The significant increase in sales of venture-backed companies in the second half of 2010 and early 2011 should signal an improved fundraising environment as well as increased returns for venture capital firms for the balance of the year and beyond. This is especially welcome news for startup companies, which are likely to benefit from greater funding opportunities resulting from reignited interest in investing in the venture sector among limited partners.
As the credit crisis and Great Recession began to unfold in 2008, exits for venture-backed companies plummeted. According to PricewaterhouseCoopers LLP, sales of venture-backed companies totaled 380 in 2007 and fell to 348 in 2008 and 273 in 2009. During the same period, according to PwC, initial public offerings of venture-backed companies declined from 86 in 2007 to six in 2008 and 12 in 2009. As the economy recovered in late 2009 and throughout 2010, the number of exits dramatically increased. In 2010, according to PwC, sales of venture-backed companies totaled 420, and there were 72 IPOs of venture-backed companies. While the increase in IPOs in 2010 was impressive, the vast majority of venture-backed companies generated returns for their investors through a sale and not from an IPO.
What has caused this dramatic recovery in the number of sales of venture-backed companies? Many believe the increase is due to the general pick-up in economic activity and the resulting increased liquidity of larger corporations due to improved profits and increased issuances of debt at low interest rates. This increase in liquidity coupled with reasonable valuations for acquisition targets as a result of the lingering recession is likely the reason that the larger companies have increasingly pursued acquisitions. This upswing in purchases by larger companies is great news for technology companies and other fast-growing venture-backed companies and the venture capital funds that have funded them.
The increase in sales of venture-backed companies should free up fresh capital for new investments. Entrepreneurs who founded the companies are getting cashed out or receiving publicly traded shares that can be readily converted into cash. This gives the founders fresh capital to start companies or provide much needed angel financing to other budding entrepreneurs. In addition, the sales provide increased capital for the venture funds that backed the sold companies. This fresh cash can be held back by the venture funds to finance startups or to provide additional capital to existing portfolio companies. Alternatively, the venture funds can distribute the proceeds from the sale to the fund's limited partners who have been patiently waiting for return of (and returns on) their capital.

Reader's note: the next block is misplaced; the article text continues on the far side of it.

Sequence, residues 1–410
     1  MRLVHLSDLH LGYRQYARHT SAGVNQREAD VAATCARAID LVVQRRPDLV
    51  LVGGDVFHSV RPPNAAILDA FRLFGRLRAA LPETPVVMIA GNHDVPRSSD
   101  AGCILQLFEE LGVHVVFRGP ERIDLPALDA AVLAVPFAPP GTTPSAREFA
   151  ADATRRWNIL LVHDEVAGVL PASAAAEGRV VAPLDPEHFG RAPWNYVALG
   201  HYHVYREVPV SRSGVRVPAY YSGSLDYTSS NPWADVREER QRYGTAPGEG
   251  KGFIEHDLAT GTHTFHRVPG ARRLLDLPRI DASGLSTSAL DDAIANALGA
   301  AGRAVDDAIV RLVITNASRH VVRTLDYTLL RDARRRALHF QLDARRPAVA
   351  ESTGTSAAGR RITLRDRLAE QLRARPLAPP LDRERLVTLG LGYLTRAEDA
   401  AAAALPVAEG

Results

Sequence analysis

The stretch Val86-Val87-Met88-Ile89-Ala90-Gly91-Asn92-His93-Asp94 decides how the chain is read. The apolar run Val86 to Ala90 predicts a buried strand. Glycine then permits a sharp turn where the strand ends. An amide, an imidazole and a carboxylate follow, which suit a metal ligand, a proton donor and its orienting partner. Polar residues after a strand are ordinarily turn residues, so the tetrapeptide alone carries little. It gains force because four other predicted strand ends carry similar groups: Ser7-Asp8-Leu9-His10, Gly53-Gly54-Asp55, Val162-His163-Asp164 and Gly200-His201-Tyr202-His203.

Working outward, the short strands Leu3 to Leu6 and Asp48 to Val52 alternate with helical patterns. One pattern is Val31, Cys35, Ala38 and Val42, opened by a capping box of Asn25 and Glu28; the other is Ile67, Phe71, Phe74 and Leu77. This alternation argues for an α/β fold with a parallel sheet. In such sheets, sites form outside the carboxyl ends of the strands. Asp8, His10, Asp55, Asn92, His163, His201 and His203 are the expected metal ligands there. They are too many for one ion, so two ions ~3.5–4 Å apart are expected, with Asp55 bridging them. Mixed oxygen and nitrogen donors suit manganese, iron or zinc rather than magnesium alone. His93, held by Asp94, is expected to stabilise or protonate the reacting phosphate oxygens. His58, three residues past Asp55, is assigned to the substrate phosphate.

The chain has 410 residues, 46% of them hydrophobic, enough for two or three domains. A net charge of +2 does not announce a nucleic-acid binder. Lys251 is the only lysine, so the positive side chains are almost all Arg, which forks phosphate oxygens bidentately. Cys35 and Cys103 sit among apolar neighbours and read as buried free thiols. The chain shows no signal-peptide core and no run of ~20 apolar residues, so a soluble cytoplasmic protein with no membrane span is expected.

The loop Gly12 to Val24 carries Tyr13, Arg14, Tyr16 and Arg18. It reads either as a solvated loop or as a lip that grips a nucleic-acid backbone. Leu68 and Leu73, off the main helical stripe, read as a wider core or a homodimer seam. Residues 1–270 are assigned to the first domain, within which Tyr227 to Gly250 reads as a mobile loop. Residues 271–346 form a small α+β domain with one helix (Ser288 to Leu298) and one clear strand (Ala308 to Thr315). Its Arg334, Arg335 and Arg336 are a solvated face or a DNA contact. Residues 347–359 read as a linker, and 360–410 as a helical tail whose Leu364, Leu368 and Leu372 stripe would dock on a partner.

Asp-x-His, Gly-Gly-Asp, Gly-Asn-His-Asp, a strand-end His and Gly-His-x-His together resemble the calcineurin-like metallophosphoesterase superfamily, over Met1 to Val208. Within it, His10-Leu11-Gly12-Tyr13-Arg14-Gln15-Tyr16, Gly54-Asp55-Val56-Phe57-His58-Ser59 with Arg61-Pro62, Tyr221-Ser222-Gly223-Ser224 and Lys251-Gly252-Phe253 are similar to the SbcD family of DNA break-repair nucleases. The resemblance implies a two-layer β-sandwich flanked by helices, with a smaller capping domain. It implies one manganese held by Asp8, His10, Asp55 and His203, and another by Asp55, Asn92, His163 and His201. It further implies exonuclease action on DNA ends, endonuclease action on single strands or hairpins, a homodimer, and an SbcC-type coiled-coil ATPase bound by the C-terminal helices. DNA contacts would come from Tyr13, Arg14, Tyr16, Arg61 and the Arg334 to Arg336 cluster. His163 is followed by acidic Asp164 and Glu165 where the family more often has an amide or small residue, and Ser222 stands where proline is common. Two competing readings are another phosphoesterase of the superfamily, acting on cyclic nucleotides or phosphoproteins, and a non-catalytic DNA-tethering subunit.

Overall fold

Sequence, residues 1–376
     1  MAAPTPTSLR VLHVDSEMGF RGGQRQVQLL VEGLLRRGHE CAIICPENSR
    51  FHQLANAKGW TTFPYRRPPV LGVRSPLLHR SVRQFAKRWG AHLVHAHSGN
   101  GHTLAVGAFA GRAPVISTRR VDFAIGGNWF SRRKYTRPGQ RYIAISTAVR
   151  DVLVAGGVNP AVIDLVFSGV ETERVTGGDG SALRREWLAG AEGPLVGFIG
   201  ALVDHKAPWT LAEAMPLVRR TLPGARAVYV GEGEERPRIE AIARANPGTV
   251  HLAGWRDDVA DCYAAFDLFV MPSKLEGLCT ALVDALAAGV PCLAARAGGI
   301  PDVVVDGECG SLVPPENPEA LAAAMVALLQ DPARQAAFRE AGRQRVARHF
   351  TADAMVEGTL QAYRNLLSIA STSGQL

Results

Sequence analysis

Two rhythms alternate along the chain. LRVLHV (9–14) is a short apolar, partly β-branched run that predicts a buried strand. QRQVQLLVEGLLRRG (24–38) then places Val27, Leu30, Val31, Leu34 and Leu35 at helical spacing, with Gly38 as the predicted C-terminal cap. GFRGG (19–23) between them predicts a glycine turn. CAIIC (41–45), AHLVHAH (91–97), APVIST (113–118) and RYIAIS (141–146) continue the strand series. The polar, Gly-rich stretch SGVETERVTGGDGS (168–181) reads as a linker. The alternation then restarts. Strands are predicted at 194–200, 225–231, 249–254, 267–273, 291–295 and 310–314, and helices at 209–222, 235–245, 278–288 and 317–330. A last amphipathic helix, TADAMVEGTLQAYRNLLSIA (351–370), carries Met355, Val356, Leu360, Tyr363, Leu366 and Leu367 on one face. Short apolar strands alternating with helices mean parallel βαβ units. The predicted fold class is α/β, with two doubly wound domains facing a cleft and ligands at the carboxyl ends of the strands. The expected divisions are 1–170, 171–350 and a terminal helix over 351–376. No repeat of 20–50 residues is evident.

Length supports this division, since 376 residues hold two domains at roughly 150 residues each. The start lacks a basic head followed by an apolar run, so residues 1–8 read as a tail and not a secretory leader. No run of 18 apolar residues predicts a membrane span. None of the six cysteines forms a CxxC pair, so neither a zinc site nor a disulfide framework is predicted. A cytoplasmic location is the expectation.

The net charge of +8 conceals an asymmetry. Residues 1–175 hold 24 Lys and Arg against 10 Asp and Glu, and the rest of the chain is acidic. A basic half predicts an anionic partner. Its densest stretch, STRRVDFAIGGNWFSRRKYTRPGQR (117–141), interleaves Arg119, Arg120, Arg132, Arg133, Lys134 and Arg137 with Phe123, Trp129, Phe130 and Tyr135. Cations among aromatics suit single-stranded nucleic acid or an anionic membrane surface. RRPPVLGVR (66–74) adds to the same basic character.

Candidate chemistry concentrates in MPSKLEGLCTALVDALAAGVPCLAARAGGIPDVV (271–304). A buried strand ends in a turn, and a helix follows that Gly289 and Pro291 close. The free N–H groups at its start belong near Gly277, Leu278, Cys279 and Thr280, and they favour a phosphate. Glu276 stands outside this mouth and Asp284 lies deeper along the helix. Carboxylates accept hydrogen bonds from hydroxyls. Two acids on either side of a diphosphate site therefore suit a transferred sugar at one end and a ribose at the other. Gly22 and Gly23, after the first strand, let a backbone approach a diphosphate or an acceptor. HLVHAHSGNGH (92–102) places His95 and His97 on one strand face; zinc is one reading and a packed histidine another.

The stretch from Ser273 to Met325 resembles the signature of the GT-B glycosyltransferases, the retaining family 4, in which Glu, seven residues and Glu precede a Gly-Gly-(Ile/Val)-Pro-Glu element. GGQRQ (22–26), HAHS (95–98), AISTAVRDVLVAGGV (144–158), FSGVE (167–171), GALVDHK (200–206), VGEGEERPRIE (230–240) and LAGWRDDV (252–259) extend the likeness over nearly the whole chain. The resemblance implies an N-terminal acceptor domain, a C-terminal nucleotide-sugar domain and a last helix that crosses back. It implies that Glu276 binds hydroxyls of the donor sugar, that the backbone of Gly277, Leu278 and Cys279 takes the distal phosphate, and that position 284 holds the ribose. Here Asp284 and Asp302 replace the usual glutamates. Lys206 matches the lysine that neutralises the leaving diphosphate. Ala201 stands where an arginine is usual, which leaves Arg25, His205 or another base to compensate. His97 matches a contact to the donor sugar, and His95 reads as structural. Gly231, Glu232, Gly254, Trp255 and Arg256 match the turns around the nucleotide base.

Increased returns to the limited partners should ultimately result in more cash available to finance new startups. The paltry returns to investors in venture capital funds over the past decade have been well reported. According to Cambridge Associates LLC, the average venture fund posted a negative return of -4.6% over the past 10 years. This dismal performance resulted in dramatic declines in the dollars invested in venture capital funds.
At the height of the dot-com bubble in 2000, $107 billion was raised by venture capital funds. This declined to $36 billion in 2007 before the Great Recession and declined again in 2008, 2009 and 2010. With the increase in M&A activity, the returns to investors in venture capital funds should improve, and investing in venture capital funds should once again become attractive to the endowments, pension funds, family offices and wealthy individuals that typically invest in venture funds.
As fresh capital finds its way into the venture funds, we should see an increase in funding of startup companies. This increase in funding will provide much needed relief to entrepreneurs who have been capital starved over the past three years and should result in an increase in the growth and hiring by these startups, which have long been a traditional engine of growth for the U.S. economy.
Jeremy Glaser is a member in the corporate section of the San Diego office of Mintz, Levin, Cohn, Ferris, Glovsky and Popeo PC.